ZFIN ID: ZDB-PUB-100614-23
Accumulation and metabolism of drugs and CYP probe substrates in zebrafish larvae
Alderton, W., Berghmans, S., Butler, P., Chassaing, H., Fleming, A., Golder, Z., Richards, F., and Gardner, I.
Date: 2010
Source: Xenobiotica; the fate of foreign compounds in biological systems   40(8): 547-557 (Journal)
Registered Authors: Fleming, Angeleen
Keywords: none
MeSH Terms:
  • Animals
  • Chlorpromazine/pharmacokinetics
  • Cisapride/pharmacokinetics
  • Cytochrome P-450 Enzyme System/metabolism*
  • Larva/metabolism
  • Pharmaceutical Preparations/metabolism
  • Pharmacokinetics*
  • Substrate Specificity
  • Verapamil/pharmacokinetics
  • Zebrafish/growth & development
  • Zebrafish/metabolism*
PubMed: 20528625 Full text @ Xenobiotica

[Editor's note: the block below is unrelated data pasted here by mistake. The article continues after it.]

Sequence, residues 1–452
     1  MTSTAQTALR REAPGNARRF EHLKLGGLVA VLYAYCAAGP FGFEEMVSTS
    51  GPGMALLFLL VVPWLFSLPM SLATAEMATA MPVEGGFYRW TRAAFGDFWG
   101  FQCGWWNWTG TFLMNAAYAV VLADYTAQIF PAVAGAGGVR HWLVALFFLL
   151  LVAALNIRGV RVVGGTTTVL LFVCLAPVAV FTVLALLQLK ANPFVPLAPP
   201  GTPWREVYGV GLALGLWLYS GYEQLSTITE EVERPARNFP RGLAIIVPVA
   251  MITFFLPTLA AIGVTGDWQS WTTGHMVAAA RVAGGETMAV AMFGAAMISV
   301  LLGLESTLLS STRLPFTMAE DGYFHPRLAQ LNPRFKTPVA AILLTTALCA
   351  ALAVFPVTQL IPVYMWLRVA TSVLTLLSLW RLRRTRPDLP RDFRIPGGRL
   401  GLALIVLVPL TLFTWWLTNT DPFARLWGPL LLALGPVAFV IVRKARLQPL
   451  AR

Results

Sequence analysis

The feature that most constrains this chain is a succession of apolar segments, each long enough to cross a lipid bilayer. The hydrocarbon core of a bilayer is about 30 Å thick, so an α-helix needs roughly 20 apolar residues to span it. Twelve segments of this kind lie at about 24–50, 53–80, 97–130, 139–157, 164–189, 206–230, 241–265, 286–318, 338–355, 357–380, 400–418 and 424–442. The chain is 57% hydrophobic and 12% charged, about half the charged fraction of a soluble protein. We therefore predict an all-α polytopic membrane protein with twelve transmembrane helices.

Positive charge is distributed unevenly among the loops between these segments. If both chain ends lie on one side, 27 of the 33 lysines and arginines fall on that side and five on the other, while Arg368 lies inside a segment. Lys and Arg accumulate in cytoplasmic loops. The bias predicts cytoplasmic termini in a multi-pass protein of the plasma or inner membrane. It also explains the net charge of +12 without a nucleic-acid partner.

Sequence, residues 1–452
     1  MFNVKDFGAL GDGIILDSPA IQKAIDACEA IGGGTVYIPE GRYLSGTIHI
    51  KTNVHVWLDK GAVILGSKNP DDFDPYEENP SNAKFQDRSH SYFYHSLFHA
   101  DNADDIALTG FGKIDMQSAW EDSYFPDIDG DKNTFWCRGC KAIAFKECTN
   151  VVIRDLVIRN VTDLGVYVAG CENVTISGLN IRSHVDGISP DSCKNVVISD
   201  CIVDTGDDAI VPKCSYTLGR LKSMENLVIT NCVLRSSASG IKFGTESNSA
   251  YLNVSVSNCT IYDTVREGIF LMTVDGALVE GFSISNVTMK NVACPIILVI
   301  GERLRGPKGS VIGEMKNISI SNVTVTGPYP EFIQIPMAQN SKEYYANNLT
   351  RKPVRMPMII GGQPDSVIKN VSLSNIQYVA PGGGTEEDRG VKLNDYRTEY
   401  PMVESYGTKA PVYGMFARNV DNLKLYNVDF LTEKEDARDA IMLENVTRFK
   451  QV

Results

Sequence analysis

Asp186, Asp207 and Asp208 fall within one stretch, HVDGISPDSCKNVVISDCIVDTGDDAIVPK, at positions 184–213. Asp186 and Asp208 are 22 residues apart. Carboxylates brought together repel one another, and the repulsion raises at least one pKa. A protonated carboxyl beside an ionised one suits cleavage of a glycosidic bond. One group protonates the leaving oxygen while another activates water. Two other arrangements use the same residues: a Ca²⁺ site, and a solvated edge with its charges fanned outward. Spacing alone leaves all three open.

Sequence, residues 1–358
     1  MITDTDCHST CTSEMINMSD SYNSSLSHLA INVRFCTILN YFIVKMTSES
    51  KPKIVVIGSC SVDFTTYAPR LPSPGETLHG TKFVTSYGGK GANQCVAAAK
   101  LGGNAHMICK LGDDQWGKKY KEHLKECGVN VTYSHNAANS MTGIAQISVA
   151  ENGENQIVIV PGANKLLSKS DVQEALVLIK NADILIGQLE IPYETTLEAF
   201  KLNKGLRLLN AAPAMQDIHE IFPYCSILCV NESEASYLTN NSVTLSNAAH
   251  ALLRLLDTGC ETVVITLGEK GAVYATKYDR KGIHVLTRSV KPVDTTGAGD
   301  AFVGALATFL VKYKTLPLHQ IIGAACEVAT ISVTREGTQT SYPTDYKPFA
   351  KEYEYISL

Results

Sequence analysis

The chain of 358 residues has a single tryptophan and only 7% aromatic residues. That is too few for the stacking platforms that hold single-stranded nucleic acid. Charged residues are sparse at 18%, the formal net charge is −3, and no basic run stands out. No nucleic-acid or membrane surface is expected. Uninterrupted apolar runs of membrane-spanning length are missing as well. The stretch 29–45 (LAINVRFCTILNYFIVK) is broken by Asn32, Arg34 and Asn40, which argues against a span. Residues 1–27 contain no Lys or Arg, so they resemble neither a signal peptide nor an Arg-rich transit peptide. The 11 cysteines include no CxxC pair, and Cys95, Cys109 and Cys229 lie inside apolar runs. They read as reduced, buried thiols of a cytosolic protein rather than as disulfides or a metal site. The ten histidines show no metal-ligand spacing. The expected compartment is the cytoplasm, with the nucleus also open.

This study examined the accumulation and metabolism of a number of drugs and commonly used probes for human cytochrome P450s (CYPs) in zebrafish larvae under conditions relevant to pharmacological and toxicological assays. Studies with cisapride, chlorpromazine, verapamil, testosterone, and dextromethorphan showed that the zebrafish larvae catalyze a range of phase 1 (oxidation, N-demethylation, O-de-ethylation, and N-dealkylation) and phase 2 (sulfation and glucuronidation) reactions. Both similarities and differences in the metabolic pathways were observed in zebrafish larvae when compared to mammals. Metabolism of phenacetin to paracetamol and dextromethorphan to dextrorphan (metabolic reactions catalyzed by CYP 1A2 and 2D6 in humans respectively) were observed in the zebrafish larvae. In addition the zebrafish larvae 7 days post fertilization (7 d.p.f.) hydroxylated diclofenac, bupropion, tacrine, and testosterone. Although metabolites of several compounds were detected in zebrafish larvae, in the instances where the metabolite amounts were quantified, the amount of any specific metabolite formed was low, accounting for only a small percentage of the amount of parent compound added. Furthermore, when the concentrations of metabolite present in the zebrafish larvae were compared with the measured level of parent compound, the metabolite concentrations were always much lower than that of parent compound. Overall, for the compounds used in the current study it is unlikely that the quantified metabolites would significantly contribute to the outcome of safety pharmacology or toxicology studies conducted in zebrafish larvae under the paradigms typically used for such investigations.